On June 28, a group of trade associations (which did not include BPI) sent a letter to the CFPB in response to its recently published examination manual. Statements in that manual reflect a significant reinterpretation of federal consumer law, and a significant expansion of its reach in substance and scope. The CFPB had not published the manual for public comment, though it appears to view it as legally binding. The letter raised substantive and procedural problems raised by the manual.
The response of the CFPB was remarkable. Asked by Law360 for a response to the letter, the CFPB responded as follows:
“Scare tactics orchestrated by lobbyists for Big Tech and Wall Street won’t deter the work of the CFPB to enforce the law,” the agency’s spokesperson said. “Big corporations and their lobbyists want to preserve a system where American families and small businesses are left to fend for themselves against those that repeatedly violate the law,” the spokesperson added.
Of course the rhetoric in that statement is fully consistent with the rhetoric of the CFPB’s Director, who speaks in terms of “hidden” and “junk” fees to which banks have “an addiction.”
Leaving aside substantive debate on the CFPB’s policy, it is worth pausing to note just how unprofessional that statement is. For anyone who has ever worked at the Federal Reserve Board, the OCC or the FDIC, the idea of their leadership issuing such a statement is simply unimaginable.
Professional regulators welcome public comment (and I speak as a former regulator who read thousands of comments on dozens of proposed rules). They certainly note any special interests of the commenter but examine the law and the facts contained in the comment. They do not demonize commenters and dismiss their ideas out of hand. They do not portray the industries they regulate, and the people who work in them, as evil. They recognize that not everyone who works in an industry or has a critical view of an agency position is a “lobbyist.” They further recognize that people who work in a regulated industry are uniquely positioned to provide insights on the practical effects of a regulation. Even when they believe that industry criticism is unjust (as it sometimes is), they take it in stride and respond with evidence rather than resorting to personal attacks. They are professional about it.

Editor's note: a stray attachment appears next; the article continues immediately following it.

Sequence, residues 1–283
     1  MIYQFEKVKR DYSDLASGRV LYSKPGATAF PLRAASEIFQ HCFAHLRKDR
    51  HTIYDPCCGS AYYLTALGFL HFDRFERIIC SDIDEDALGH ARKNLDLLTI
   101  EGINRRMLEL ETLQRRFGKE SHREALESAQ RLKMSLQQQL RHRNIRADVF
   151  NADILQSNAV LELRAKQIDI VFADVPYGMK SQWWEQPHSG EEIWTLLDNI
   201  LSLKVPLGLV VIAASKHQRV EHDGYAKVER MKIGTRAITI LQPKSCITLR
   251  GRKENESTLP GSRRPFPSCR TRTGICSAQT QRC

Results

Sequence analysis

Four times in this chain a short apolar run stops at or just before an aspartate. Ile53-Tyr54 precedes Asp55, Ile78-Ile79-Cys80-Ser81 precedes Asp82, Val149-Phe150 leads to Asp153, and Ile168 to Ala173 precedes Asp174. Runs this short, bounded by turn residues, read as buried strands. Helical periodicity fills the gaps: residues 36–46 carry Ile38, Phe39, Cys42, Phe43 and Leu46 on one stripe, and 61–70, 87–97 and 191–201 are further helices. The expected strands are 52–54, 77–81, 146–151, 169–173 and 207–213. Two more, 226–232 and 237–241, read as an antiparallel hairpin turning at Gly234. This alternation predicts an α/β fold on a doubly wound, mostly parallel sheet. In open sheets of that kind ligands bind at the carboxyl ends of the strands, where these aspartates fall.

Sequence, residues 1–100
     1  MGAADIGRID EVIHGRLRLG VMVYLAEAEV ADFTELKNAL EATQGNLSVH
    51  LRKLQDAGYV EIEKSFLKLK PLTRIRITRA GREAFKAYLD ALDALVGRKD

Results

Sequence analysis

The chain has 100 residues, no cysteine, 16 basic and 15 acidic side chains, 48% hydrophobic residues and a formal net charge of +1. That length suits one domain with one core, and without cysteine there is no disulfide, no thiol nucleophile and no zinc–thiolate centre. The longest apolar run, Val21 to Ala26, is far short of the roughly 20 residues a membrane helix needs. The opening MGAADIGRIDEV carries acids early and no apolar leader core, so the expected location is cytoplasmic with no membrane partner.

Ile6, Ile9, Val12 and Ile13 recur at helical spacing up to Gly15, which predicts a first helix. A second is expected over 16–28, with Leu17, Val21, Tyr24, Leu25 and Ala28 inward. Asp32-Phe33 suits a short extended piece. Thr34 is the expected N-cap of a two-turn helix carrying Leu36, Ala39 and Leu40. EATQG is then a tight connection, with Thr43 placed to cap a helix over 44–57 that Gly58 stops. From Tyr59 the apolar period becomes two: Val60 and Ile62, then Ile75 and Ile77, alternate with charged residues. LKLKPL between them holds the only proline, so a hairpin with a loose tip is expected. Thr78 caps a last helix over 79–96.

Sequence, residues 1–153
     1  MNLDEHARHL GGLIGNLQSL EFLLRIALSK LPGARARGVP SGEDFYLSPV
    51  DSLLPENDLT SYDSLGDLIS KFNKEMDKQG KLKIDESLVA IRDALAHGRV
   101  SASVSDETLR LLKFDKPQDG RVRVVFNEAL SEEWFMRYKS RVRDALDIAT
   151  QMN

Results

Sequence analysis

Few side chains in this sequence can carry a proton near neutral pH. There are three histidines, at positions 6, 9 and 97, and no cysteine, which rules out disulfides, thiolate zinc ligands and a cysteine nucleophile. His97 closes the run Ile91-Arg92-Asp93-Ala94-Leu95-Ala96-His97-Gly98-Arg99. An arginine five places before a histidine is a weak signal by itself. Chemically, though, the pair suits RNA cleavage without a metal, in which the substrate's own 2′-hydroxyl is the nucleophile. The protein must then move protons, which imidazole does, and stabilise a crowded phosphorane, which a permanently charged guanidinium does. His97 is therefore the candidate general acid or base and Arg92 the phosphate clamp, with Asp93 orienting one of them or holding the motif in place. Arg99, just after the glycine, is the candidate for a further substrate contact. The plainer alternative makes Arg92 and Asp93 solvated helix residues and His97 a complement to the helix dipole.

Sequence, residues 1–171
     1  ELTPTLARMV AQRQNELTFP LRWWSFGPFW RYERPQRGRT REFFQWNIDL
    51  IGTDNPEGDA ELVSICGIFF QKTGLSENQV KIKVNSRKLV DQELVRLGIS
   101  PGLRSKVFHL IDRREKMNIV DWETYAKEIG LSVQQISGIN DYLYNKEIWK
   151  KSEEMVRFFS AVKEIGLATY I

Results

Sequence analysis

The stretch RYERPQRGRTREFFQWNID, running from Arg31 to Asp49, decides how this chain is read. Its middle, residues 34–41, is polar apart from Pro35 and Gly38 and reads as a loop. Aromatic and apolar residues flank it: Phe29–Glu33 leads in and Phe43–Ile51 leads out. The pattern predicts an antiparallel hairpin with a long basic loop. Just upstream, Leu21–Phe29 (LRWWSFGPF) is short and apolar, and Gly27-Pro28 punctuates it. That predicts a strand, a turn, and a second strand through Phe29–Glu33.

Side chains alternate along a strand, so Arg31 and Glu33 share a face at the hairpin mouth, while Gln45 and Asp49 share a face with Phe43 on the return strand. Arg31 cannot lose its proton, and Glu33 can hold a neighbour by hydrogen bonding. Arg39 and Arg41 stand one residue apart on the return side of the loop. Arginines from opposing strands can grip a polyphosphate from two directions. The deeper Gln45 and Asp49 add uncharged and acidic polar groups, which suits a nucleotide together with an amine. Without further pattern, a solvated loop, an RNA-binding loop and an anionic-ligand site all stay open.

Of course yesterday’s CFPB statement is false and misleading. Letters such as the one that the CFPB received are not written by lobbyists; they are written by lawyers, after consulting the executives who run the businesses affected by the agency action. The banking (and I presume technology) industry is not filled with people who repeatedly violate the law, or prey on defenseless consumers. Successful businesses craft products that are valuable to consumers, and they retain those customers by serving them well.
A hallmark of responsible regulation is objective evaluation of data and other evidence, including real-world perspectives on the impact of proposed rules. Such statements demonstrate the opposite: how preconceived notions or political agendas can influence the important work of an agency.
 Jon Hill, “CFPB Urged To Scrap Anti-Bias Revamp Of Exam Manual” Law360 (June 28, 2022).